The Michigan Daily-Friday, June 9, 1978-Page 7
Watchmaker leads a'timety' movement
By MICHELLE TREGEMBO
Lee Pickett is part of a new movement
gaining adherents in recent years, the
pocket watch movement.
The 31-year-old third-generation wat-
chmaker, who has collected 90 antique
watches of his own, said that many
people are just now realizing the value
of grandfather's timepiece and are
keeping them in the family.
NOT ONLY does a watch in good,con-
dition bring a good price-from $125 to
$500 with age-but Pickett, who sells
antique watches at Campus Jewelers
on N. University, claimed antique wat-
ches are more precise than today's
The difference is pride in workman-
ship-there is none today. Pickett said
the best watches were put together
before the turn of the century. Before
1900 there was a watch company war to
see who could impress the public with
the best finish and works. But then
there was a down-turn in business and
companies began to care less about ex-
cellence and more about production.
WATCH MOVEMENTS and cases
were manufactured separately in the
U.S. during the height of the pocket
watch era, according to Pickett. When
you wanted to buy a watch, you picked
out a gold, sterling silver, nickel, silver,
or silverine case and a movement you
wanted to go with it and the unique wat-
ch was assembled by the watchmaker.
Open-faced watches were used
during working hours and those with
covers, called hunting case watches,
were for special occasions. The hand-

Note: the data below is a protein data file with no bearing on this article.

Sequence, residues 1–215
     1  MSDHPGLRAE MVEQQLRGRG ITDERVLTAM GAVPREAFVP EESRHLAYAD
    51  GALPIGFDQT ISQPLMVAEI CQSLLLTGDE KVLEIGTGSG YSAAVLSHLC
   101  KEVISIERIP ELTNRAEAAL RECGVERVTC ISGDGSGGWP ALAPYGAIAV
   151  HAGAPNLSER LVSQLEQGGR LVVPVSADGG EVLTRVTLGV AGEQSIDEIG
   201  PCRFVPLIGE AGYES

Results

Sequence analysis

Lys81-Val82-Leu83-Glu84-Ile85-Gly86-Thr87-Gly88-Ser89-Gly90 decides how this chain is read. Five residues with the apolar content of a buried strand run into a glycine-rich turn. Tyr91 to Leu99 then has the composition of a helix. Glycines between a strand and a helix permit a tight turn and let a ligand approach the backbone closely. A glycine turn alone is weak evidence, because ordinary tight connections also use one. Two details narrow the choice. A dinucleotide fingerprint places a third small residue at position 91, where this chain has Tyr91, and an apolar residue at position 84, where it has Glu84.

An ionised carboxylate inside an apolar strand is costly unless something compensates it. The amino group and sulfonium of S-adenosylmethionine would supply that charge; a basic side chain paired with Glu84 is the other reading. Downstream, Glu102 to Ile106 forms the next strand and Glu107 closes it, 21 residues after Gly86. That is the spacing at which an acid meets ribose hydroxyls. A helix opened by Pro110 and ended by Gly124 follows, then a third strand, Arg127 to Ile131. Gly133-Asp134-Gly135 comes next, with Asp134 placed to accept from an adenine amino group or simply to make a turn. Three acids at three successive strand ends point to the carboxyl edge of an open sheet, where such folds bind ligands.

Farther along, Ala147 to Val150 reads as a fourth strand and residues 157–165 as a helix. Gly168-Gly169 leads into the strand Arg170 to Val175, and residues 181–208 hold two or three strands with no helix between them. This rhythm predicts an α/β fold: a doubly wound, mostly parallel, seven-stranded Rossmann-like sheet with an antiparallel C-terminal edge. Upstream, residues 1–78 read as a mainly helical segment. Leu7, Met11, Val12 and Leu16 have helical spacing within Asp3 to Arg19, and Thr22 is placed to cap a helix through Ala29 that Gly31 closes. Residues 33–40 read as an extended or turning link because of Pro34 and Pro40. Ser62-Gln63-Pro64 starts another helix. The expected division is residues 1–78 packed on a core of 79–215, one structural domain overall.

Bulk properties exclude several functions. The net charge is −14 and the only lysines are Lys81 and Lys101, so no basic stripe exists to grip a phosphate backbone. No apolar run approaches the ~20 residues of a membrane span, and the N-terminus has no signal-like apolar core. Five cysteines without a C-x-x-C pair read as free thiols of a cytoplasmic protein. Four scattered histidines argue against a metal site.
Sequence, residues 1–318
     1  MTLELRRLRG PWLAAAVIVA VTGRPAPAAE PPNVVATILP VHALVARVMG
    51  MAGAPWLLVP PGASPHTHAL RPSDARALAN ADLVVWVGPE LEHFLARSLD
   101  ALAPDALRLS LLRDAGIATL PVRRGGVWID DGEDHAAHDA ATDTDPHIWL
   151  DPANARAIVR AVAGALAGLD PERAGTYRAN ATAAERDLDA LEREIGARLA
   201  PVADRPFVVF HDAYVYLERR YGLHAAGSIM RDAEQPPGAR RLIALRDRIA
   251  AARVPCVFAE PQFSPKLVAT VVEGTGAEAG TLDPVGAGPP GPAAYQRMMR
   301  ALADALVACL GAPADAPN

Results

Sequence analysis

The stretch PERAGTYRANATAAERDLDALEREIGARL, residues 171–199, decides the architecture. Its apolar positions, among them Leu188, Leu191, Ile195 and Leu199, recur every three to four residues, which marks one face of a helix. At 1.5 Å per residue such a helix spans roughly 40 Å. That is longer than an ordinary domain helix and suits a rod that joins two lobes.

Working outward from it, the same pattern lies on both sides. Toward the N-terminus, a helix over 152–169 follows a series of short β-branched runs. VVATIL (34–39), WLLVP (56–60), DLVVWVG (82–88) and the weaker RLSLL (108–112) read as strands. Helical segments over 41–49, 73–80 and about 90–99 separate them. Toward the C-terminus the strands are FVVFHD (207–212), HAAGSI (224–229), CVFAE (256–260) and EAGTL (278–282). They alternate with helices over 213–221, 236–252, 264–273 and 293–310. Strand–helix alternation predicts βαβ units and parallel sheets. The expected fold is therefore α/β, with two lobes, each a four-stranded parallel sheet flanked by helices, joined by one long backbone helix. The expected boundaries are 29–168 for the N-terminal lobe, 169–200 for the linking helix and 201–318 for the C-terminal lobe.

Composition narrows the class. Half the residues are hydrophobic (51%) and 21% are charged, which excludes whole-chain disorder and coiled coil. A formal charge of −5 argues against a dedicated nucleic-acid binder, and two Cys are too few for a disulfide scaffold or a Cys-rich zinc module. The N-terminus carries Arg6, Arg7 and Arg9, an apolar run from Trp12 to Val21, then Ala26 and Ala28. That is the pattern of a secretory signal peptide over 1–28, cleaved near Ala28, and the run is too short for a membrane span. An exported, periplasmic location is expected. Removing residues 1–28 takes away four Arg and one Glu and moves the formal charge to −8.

engraved cases were often quite
elaborate with maybe a scene of house,
lake, mountains, and trees all cram-
med into the back side. Pickett
hypothosized that these scenes
represented home and comfort. Many
of the watches also had fancy faces of
porcelein, which doesn't yellow.
The movements of the antique wat-
ches vary from seven to 26 jewels.
Pickett explained that a jewel is similar
to a ball bearing in machinery since
they are bothused at friction points to
prevent metal-to-metal wear. He said
the more jewels the better, but only to a
limit since there are only a certain
number of friction points. He warns
buyers to be aware of this-50 jewels in
a watch is more than is necessary.
PICKETT SPECIALIZES in old
American watches since they are more
sound and easier to find parts for than
European watches. He says the
European watches were handmade, so
they don't have any serial numbers,
making it difficult to trace their origins.
American watches, on the other hand,
have consecutive serial numbers and
the ledgers of most of the manufac-
turers are available.
Railroad watches are an area of
special interest to Pickett. He says
there weren't any standards for
railroad watches until 1891 following a
particularly bad train wreck in Ohio.
Trains often ran on the same tracks
causing frequent accidents. One even-
tual requirement was that the watch be
checked weekly or biweekly for ac-
curacy during an authorized watch
repair. Due to higher standards,
railroad watches are the most accurate
of the antique time-pieces.
A MEMBER OF the American
Association of Watch and Clock Collec-
tors, Pickett said he believes he's the
only antique watch repairer in the area.
The average charge for repair is $36,